We tend to think of the body and the mind as separate entities, often diametrically opposed. On top of that, we think language belongs to the mind and emotion to the body, so when we feel big emotions, the words are harder to access, and when we spend a great deal of time in our minds, the body can grow tense. What I do with these kids, who are just learning about their bodies and their minds, their feelings and thoughts—even their communities and where they belong—what I do is help them create connections. What does your body feel like when it’s sad? What does happy look like? What does purple feel like? What does it feel like to be a circle? By giving these children a chance to use their bodies to step into character, or shape, or idea, they are practicing appropriate expression and learning how to communicate with and without words. So when we connect word to body, body to movement, movement to story, we’re really reaching across multiple levels of communication to touch on something universal.
Oh, absolutely. We’re given these tools—touch, sound, gesture, posture, volume, tone—but we aren’t explicitly taught how to use them; we just sort of pick it up over time. There is a lot of room for trial and error with that and a lot of opportunity for miscommunication or misunderstanding. In these groups, we work on thoughts and feelings as whole body experiences. Using the body to tell stories is one way we can practice feeling what someone else has gone through—how their experience feels in our bodies and how that might impact their perspective.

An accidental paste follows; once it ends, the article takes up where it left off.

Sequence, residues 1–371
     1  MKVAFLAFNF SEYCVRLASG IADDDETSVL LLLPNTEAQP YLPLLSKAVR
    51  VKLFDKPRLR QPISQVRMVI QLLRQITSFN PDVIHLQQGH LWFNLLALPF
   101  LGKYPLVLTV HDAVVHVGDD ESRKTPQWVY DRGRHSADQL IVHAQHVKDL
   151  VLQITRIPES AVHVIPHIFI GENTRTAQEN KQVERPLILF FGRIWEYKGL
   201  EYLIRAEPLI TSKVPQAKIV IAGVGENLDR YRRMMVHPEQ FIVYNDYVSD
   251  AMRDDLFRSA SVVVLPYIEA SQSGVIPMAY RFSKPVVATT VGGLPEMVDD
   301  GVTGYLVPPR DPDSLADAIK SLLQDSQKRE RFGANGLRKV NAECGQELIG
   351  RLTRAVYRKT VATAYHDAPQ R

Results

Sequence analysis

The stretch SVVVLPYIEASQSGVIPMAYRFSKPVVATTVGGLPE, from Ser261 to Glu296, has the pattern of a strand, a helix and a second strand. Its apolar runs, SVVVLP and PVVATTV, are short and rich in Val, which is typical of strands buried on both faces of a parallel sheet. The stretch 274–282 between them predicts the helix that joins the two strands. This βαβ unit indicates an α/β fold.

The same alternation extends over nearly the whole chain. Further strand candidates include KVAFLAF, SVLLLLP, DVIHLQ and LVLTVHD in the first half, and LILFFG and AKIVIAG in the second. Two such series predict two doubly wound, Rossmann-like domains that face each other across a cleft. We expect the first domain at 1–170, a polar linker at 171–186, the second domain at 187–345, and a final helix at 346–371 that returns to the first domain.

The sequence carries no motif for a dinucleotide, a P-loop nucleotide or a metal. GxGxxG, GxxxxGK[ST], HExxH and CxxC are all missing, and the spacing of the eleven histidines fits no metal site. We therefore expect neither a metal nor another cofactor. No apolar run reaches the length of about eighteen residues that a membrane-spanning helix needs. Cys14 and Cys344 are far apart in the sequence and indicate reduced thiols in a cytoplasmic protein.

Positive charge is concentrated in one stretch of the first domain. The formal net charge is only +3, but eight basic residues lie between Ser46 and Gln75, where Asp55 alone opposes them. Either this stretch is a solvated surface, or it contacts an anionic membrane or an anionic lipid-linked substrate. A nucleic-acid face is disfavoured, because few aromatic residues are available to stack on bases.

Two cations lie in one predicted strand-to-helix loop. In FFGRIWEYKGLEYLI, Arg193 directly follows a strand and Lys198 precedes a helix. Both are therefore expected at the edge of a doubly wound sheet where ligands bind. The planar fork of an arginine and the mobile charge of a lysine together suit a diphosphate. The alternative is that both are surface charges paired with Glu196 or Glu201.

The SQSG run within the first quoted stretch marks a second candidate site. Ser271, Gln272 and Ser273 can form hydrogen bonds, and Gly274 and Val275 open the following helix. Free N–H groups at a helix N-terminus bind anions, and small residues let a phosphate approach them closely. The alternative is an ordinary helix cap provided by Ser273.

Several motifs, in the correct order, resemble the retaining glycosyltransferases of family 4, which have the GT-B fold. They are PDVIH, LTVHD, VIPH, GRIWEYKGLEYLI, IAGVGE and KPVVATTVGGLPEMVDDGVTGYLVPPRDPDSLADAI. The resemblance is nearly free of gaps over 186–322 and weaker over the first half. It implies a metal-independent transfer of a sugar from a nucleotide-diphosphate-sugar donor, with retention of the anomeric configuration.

Children are so raw. It’s like working with raw material. Each child has their own qualities, and those qualities are worn so close to the surface that it’s almost like these kids are walking around with a list of adjectives scrawled all over them. Adults have had a lot of time to temper those qualities to fit more seamlessly into this category or that. That’s not necessarily bad, as long as that tempering doesn’t completely hide or destroy who that person truly is and what they’re all about. When I’m moving with the kids, I make sure we’re also talking about how to show respect for the space between their natural expression and their performance. I think with children, we have such an exceptional opportunity to learn what it means to be human in the world because they are only just discovering that—that they are human. If we, as adults, can share in that learning process, if we can think and feel and move and flail and make noise, then I think we stand a chance of learning how to be responsible for the incredible impact our thoughts and actions can have on those around us.